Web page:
Below is an example of an AWX task pod with two execution nodes. Traffic to execution node 2 flows through a hop node that is setup between it and the control plane.

AWX task pod with a hop node between the control plane of AWX and standalone execution nodes.

Below are sample values used to configure each node in a simple topology:

Instance type


Listener port

Peers from control nodes


Control plane




[hop node]

Hop node





Execution node




[hop node]

8.2.2. Mesh topology

Mesh ingress is a feature that allows remote nodes to connect inbound to the control plane. This is especially useful when creating remote nodes in restricted networking environments that disallow inbound traffic.

Mesh ingress architecture showing the peering relationship between nodes.

Below are sample values used to configure each node in a mesh ingress topology:

Instance type


Listener port

Peers from control nodes


Control plane




[hop node]

Hop node





Execution node




[hop node]

In order to create a mesh ingress for AWX, see the Mesh Ingress chapter of the AWX Operator Documentation for information on setting up this type of topology. The last step is to create a remote execution node and add the execution node to an instance group in order for it to be used in your job execution. Whatever execution environment image used to run a playbook needs to be accessible for your remote execution node. Everything you are using in your playbook also needs to be accessible from this remote execution node.

Job template using the instance group with the execution node to run jobs.

8.3. Add an instance

To create an instance in AWX:

  1. Click Instances from the left side navigation menu of the AWX UI.

  2. In the Instances list view, click the Add button and the Create new Instance window opens.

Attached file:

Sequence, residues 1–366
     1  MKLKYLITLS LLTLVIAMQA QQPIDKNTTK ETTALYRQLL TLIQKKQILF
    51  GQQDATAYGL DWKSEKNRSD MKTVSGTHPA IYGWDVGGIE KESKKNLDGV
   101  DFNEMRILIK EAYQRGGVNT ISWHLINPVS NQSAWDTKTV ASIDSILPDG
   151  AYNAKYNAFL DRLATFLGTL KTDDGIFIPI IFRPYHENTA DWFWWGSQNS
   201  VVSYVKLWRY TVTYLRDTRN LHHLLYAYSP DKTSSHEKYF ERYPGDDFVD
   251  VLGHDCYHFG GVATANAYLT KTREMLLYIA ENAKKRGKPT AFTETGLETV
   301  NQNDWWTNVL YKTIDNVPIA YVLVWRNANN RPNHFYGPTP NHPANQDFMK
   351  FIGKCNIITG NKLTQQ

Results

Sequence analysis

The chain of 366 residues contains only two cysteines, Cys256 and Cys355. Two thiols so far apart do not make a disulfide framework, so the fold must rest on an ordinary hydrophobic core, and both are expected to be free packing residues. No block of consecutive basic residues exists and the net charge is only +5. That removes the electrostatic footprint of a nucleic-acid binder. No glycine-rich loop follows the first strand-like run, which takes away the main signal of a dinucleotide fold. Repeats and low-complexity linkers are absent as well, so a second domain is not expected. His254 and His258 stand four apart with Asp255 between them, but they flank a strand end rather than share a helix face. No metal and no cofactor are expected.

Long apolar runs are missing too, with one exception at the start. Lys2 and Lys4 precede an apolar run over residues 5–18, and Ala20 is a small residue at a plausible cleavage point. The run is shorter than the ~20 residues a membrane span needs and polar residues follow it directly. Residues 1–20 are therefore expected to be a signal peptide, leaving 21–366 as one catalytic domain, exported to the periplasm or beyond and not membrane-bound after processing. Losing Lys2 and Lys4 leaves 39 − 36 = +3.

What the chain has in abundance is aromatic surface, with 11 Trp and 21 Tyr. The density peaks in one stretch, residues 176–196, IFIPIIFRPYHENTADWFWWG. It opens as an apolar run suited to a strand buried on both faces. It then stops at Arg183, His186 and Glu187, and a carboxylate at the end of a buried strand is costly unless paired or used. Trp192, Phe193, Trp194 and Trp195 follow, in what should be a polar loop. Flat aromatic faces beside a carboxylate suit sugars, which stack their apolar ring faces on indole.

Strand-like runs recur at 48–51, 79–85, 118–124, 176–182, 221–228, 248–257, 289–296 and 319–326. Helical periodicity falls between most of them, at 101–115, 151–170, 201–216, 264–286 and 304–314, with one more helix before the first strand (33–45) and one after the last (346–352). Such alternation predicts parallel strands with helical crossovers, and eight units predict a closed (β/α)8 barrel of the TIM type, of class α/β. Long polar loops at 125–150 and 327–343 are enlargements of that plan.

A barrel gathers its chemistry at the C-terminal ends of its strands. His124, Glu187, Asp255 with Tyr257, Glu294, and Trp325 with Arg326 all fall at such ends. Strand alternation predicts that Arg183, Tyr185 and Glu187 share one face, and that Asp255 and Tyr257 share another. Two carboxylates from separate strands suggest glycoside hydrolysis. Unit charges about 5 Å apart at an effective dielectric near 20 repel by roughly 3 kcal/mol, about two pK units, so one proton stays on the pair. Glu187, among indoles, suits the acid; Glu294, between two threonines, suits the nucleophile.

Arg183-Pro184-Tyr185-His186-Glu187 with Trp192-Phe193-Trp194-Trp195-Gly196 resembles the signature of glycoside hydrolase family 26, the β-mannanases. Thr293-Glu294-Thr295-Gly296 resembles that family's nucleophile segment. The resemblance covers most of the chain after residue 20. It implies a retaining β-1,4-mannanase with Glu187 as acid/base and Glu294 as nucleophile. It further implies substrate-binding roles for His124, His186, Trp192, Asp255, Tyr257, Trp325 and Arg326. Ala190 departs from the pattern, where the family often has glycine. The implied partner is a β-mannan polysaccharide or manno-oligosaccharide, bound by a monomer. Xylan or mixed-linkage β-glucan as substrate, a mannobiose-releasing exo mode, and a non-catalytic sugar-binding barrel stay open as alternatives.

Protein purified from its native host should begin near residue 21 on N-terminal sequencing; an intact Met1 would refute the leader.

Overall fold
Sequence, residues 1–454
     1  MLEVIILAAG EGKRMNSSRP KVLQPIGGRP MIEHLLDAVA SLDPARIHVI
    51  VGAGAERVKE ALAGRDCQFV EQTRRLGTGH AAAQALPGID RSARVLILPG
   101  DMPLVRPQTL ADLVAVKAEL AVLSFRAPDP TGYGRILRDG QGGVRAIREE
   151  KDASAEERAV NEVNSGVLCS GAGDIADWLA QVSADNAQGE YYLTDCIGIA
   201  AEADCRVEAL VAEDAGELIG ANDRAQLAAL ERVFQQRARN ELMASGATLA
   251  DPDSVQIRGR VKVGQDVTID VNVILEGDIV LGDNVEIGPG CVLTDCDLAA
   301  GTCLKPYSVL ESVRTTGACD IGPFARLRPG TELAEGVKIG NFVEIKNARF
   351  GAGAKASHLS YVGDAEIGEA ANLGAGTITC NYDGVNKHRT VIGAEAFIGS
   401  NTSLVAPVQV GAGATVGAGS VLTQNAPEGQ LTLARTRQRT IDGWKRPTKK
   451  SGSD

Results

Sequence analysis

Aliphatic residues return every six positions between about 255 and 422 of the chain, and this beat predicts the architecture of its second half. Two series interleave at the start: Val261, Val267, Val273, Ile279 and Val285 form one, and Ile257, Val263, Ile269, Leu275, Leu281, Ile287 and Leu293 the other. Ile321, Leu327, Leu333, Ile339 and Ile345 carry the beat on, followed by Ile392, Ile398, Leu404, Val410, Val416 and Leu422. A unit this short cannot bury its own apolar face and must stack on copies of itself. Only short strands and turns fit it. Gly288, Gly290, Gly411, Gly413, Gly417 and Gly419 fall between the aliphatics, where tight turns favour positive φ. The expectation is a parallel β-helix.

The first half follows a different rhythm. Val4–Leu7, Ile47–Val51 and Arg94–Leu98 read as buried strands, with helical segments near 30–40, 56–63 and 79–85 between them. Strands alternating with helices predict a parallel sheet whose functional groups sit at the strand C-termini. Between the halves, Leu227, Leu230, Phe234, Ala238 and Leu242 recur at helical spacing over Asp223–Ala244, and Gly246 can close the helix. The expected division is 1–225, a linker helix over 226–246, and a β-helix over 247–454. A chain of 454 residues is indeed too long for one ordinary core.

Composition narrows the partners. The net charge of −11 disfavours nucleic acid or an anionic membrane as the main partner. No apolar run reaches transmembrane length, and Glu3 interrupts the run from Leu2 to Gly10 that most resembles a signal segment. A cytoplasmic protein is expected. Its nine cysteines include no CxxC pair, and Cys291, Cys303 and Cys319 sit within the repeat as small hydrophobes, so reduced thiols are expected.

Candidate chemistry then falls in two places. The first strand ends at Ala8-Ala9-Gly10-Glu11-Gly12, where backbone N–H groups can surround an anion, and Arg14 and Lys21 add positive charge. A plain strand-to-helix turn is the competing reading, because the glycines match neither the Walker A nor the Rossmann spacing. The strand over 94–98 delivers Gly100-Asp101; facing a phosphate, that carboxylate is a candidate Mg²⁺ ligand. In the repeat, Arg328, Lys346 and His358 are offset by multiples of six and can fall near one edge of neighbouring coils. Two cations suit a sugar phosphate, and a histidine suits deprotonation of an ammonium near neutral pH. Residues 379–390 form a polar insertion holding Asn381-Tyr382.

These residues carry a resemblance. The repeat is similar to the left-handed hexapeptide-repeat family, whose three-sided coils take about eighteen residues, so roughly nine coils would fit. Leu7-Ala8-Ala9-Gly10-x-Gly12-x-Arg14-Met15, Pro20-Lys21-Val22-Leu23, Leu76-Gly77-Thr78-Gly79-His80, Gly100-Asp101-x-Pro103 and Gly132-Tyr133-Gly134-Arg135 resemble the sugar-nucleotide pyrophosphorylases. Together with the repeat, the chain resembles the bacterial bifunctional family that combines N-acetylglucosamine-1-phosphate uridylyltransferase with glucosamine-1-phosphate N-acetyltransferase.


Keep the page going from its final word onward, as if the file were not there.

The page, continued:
Create a new instance form.

An instance has several attributes that may be configured:

  • Enter a fully qualified domain name (ping-able DNS) or IP address for your instance in the Host Name field (required). This field is equivalent to hostname in the API.

  • Optionally enter a Description for the instance

  • The Instance State field is auto-populated, indicating that it is being installed, and cannot be modified

  • Optionally specify the Listener Port for the receptor to listen on for incoming connections. This is an open port on the remote machine used to establish inbound TCP connections. This field is equivalent to listener_port in the API.

  • Select from the options in Instance Type field to specify the type you want to create. Only execution and hop nodes can be created as operator-based installations do not support hybrid nodes. This field is equivalent to node_type in the API.

  • In the Peers field, select the instance hostnames you want your new instance to connect outbound to.

  • In the Options fields:
    • Check the Enable Instance box to make it available for jobs to run on an execution node.

    • Check the Managed by Policy box to allow policy to dictate how the instance is assigned.

    • Check the Peers from control nodes box to allow control nodes to peer to this instance automatically. Listener port needs to be set if this is enabled or the instance is a peer.

  1. Once the attributes are configured, click Save to proceed.

Upon successful creation, the Details of the one of the created instances opens.

Details of the newly created instance.


The proceeding steps 4-8 are intended to be ran from any computer that has SSH access to the newly created instance.

  1. Click the download button next to the Install Bundle field to download the tarball that contain files to allow AWX to make proper TCP connections to the remote machine.